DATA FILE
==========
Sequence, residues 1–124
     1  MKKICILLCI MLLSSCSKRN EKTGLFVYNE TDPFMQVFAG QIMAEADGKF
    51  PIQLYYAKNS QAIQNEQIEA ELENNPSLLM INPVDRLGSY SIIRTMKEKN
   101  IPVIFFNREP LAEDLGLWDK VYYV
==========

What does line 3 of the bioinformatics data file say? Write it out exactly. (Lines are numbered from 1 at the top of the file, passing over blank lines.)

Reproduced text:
    51  PIQLYYAKNS QAIQNEQIEA ELENNPSLLM INPVDRLGSY SIIRTMKEKN